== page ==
Asia: Wall Street's Money Crisis Hits Again

High anxiety sweeps through Asian stock markets once more, and central banks in Japan, Australia, and Singapore turn on the cash spigot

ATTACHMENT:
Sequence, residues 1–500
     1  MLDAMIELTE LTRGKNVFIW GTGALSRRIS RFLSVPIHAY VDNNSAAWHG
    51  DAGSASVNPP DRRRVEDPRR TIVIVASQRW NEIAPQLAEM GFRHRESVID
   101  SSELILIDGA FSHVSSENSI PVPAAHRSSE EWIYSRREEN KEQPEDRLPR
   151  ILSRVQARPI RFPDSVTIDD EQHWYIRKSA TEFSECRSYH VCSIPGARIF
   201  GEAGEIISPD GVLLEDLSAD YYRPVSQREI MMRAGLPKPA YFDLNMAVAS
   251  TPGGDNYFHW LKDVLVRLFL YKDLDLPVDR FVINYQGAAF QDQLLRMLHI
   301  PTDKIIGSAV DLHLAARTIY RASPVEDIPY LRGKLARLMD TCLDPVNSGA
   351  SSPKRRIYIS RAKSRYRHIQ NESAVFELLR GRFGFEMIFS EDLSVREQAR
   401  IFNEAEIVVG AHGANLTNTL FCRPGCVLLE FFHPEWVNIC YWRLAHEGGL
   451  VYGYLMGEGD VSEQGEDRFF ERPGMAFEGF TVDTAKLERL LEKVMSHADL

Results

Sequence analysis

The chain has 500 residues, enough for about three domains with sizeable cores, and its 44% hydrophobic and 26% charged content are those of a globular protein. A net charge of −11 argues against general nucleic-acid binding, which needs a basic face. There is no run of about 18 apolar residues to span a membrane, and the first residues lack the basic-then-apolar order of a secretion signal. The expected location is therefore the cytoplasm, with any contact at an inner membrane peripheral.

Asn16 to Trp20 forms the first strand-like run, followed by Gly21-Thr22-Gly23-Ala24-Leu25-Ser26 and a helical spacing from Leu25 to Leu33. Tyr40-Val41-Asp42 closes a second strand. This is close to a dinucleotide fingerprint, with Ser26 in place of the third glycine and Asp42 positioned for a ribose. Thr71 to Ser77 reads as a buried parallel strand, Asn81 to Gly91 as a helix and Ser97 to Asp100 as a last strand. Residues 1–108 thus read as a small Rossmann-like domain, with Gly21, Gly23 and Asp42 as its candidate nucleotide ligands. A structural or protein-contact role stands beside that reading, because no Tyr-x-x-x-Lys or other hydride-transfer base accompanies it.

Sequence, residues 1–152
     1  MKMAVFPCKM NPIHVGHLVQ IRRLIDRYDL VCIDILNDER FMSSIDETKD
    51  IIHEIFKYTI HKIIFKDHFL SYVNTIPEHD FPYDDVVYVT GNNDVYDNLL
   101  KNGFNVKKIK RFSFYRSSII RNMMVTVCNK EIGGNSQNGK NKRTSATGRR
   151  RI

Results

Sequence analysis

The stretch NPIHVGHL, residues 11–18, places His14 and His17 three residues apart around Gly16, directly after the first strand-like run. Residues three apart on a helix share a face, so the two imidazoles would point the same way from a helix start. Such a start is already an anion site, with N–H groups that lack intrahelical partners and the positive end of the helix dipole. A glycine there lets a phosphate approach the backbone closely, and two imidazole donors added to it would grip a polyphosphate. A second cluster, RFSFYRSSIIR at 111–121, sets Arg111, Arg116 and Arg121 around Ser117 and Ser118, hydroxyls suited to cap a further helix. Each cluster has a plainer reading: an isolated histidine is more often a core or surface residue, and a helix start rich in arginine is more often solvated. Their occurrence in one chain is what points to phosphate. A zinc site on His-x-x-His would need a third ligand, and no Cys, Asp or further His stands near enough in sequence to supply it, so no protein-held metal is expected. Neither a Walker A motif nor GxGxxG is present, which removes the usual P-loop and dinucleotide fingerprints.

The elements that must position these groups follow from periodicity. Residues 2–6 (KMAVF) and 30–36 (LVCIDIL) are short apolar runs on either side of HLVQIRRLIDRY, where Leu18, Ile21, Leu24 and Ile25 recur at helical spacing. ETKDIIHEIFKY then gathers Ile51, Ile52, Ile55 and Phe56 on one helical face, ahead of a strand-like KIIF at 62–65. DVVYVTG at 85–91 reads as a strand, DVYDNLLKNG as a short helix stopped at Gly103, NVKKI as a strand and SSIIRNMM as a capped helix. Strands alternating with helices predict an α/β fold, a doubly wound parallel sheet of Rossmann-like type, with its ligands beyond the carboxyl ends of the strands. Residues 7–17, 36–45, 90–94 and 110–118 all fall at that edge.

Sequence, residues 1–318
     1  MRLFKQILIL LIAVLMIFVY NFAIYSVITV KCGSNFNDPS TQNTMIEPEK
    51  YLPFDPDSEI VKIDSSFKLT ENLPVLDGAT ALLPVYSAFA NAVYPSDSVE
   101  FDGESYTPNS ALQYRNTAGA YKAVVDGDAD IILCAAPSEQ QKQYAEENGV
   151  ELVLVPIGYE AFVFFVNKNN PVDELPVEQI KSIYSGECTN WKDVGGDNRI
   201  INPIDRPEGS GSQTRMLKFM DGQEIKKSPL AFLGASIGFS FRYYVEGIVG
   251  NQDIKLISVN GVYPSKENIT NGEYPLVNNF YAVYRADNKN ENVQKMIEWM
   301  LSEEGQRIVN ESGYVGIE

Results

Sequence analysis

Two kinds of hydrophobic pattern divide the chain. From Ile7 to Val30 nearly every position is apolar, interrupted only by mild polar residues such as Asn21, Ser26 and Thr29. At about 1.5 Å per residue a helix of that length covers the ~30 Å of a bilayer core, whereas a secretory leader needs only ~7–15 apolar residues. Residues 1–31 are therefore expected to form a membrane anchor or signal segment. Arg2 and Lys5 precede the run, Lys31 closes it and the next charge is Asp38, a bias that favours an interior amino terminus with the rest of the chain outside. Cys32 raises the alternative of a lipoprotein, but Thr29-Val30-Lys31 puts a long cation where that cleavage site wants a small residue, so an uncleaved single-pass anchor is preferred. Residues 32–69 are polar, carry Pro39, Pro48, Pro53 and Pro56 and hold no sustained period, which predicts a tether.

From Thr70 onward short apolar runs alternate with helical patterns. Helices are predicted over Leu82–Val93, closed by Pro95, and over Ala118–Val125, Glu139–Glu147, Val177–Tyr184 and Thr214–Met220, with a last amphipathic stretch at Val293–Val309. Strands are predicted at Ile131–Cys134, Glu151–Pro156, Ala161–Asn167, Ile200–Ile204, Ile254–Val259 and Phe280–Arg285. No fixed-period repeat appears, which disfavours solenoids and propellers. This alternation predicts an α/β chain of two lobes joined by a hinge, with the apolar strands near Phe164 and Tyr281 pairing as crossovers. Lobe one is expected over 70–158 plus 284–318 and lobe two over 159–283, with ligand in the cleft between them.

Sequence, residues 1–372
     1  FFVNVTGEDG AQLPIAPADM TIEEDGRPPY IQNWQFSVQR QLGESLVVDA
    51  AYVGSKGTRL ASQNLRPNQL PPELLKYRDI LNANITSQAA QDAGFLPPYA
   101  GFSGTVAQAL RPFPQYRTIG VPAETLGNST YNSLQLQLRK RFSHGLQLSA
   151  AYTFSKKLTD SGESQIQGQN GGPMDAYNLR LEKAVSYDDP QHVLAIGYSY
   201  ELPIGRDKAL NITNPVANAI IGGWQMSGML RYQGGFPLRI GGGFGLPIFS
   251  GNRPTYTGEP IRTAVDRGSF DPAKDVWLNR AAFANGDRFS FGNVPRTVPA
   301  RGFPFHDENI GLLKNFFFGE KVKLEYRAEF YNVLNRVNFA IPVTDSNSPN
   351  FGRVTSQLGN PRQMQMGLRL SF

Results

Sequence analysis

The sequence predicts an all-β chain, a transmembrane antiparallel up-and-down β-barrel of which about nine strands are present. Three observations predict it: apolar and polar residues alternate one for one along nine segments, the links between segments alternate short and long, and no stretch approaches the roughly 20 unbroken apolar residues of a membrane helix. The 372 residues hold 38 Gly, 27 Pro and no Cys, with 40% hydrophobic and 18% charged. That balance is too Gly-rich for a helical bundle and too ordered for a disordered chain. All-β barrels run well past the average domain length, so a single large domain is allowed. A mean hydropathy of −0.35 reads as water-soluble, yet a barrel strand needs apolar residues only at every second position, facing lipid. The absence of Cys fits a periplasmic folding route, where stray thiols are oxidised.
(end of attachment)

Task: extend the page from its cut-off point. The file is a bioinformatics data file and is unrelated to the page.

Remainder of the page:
If Japanese financiers expected a quiet day of trading ahead of next week's extended holiday break for obon, the Buddhist festival of the dead, they sure didn't get one. Following overnight market carnage in Europe and the U.S. triggered by continuing concerns about the U.S. subprime mortgage market, Japan's Nikkei 225 index hemorrhaged 406.51 points, falling 2.4% to 16764.09 in Aug. 10 trading. That came after the Dow Jones industrial average lost 387.18 points, or 2.83%, to 13270.68 on Aug. 9.

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